... from 9-90!Looking enviably slim and energetic in a floral dress (don't you just love the irrelevant sartorial details?), Lim explained how this was her first experience of writing for children, and described it as her most joyful book.
She was approached to write a children's book by R. Ramachandran, the director of the Singaporean Book Development Council who realised that most of the children's books available in Singapore are published in the West, and she says that being seen for the first time that someone had seen her as a local writer rather than as a "transplanted writer" (she has lived in the US for 40 years) and that touched her in a way she hadn't felt before.
She set out to write the book without any idea about who would publish her, was turned down by publishers including Marshall Cavendish, but at the no point lost faith in the value of her work. In the end Maya Press took the gamble, except, says Lim laughing, it isn't even a gamble because they will lose money on it.
She said that she was retelling a story that had meant a lot to her as a young girl and it took her back to her earliest memories of Malacca (which she jokingly calls "Blackbird Town" because the Singaporeans turn up there singing "Cheap! Cheap!").
She talked about how she used to go up St. Paul's Hill to study, sitting by the open windows in the ruined church to read and study so that there is a great deal of Malacca in herself :
... malacca air, malacca breezes, malacca particlesPricess Shawl borrows elements of traditional fairytale writing. There is a quest - the child Mei Li is given the quest of rescuing princess Hang Li Po exiled to the island of pulau tikus and unable to come to Malacca to marry the Sultan. And like many children's books, Princess Shawl involves time travel. Lim actually describes the book as a kueh lapis* story because it goes back and forward between layers of time, visiting the time of the Baba-Nyonya's, the Dutch Colonial war, the Portuguese period and the defeat of the Malacca Sultanate, the botton layer of the cake being the C15th.
The character of Great Aunty Mei Li, Lim says was based on the much admired lawyer, P.J. Lim - one of Lim's childhood heroines. The book itself is layered so that there are references in there that an adult reader would appreciate - as Lim puts it, she's smuggled in plenty about the diaspora Chinese. (The book is in the process of being translated into Chinese in Taiwan.)
To write the love story between Princess Hang Li Po and her Sultan, Lim said that she went back to reread Jane Eyre! She also seems to have had delicious fun making the good women get younger, and the bad women get older!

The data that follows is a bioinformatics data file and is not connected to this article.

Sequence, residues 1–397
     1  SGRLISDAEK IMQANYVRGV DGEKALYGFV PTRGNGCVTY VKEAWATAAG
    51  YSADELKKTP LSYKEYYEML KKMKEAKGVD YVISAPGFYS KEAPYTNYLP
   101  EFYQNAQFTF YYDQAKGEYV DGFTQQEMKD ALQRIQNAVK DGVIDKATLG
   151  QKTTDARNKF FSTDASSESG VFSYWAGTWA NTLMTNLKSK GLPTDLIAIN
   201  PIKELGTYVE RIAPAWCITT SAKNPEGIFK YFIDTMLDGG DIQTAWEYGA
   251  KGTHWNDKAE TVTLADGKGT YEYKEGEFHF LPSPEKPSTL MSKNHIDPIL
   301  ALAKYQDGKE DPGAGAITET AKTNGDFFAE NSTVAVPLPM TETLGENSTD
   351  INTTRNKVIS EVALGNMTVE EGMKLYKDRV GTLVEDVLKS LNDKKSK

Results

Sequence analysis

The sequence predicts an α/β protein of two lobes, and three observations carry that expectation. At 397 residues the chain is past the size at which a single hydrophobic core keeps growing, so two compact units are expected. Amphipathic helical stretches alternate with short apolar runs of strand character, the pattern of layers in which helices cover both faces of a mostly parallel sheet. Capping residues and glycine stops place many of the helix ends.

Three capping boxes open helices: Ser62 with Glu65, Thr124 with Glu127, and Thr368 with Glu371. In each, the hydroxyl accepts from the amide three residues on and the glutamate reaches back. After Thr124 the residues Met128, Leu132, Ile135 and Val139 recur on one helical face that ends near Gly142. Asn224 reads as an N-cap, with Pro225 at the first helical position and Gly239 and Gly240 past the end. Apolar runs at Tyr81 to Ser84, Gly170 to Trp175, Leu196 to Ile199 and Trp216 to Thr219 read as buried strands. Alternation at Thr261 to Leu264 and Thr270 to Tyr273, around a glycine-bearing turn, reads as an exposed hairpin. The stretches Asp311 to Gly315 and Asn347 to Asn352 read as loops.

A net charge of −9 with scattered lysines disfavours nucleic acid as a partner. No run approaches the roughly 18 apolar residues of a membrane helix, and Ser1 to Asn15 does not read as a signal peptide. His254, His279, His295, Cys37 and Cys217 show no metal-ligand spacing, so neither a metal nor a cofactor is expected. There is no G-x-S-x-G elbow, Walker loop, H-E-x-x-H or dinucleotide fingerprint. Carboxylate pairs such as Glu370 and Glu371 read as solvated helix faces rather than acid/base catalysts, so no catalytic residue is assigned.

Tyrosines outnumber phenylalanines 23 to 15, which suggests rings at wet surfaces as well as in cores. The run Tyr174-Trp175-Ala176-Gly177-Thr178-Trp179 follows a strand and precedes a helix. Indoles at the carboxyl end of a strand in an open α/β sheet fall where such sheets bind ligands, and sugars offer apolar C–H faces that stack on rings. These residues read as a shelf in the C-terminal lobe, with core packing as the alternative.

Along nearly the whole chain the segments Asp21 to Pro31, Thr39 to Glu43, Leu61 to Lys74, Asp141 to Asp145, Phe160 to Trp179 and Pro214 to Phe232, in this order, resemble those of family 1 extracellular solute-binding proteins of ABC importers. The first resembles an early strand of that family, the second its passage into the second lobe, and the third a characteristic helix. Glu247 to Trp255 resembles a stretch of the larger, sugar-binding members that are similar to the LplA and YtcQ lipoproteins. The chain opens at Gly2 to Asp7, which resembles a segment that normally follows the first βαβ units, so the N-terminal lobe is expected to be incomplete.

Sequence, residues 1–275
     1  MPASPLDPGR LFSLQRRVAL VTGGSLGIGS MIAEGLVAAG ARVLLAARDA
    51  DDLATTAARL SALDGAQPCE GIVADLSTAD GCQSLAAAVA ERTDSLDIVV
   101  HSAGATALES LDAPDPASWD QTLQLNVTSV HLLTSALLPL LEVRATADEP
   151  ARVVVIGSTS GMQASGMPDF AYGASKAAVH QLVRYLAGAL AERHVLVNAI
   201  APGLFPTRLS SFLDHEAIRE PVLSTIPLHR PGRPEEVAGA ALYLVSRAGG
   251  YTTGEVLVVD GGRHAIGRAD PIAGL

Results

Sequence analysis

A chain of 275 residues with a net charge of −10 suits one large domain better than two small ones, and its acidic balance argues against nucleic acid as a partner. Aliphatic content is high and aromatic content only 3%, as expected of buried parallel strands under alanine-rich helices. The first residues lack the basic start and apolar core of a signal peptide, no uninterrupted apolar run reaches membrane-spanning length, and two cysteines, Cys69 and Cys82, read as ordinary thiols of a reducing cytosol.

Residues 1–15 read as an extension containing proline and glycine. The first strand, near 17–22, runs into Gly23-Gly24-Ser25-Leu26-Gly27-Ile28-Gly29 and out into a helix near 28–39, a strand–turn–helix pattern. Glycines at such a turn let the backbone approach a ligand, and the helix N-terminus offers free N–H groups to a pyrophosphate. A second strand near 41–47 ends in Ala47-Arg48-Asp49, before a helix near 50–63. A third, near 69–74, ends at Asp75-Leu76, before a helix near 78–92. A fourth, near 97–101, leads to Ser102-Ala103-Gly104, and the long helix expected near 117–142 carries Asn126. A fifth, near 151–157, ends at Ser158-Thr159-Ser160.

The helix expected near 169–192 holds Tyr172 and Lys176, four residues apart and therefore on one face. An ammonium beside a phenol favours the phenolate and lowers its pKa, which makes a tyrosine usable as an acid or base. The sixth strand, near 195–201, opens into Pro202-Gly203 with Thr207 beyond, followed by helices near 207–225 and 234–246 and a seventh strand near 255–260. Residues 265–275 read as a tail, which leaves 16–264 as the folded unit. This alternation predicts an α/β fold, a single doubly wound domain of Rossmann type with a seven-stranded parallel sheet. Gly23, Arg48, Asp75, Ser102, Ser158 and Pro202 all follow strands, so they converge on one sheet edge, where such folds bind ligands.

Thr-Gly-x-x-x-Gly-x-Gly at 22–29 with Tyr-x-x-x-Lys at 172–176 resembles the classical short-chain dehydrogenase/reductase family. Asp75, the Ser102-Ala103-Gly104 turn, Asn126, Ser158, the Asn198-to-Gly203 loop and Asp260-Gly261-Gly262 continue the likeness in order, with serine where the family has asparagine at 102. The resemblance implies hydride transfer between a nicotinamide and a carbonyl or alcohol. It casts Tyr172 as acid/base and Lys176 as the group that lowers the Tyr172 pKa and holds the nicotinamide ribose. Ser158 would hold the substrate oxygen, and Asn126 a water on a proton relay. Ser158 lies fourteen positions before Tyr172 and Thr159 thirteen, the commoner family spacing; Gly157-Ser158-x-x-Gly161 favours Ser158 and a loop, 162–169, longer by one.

The question time opened into a nice discussion about local children's books (we agreed - too many have beautiful illustrations but the content is very weak indeed), Singapore's generous support for its children's writers, and the origins of Malay legends.
I was intrigued by her attitude to publication: she said that she never worried about whether her work is published or not as long as it is out in the world, and she had a lovely quote from Indian author Shashi Tharoor to show what she means:
I write, as George Bernard Shaw said, for the same reason a cow gives milk: it is inside me, it has got to come out, and in a real sense I would die if I could not.She talked about writing "heuristically" and her advice to writers :
You learn what you have to say as you write - if you don't surprise yourself, you won't write anything interesting.We had a nice social time after that. It was nice to meet John of Maya Press and Mr. Law King Hui, the poor organiser of the KL Bookfair who had to change all his banners and posters because of me! (See here and here.) Aiyoh, I felt so shamefaced that I caused so much trouble, but he was astonishingly sanguine about it.
Also had a nice chat to Prof Kayum - am seriously thinking a writing a thesis of some kind on the Malaysian novel. (How long have I been saying that for? My life is full of unrealised projects.)
Had a giggle with Phek Chin and Raman about an entry in the new The Complete Residents' Guide to Kuala Lumpur which describes in Raman, in it's section on bookshops, as the "charismatic" owner of Silverfish. (Not grouchy, huh???)
Then dinner with Daphne and Priya to think up some nice pieces of literary activism and exchange all our gossip.
* A traditional Malacca rice flour cake which is made in layers and very time consuming to produce.
** Actually Tharoor wrongly attributes this - the original quote is from Henry Louis Mencken : his exact words:
I write in order to attain that feeling of tension relieved and function achieved which a cow enjoys on giving milk.But I think there's something wrong with you as a writer if you don't have that feeling so no wonder others since have appropriated it!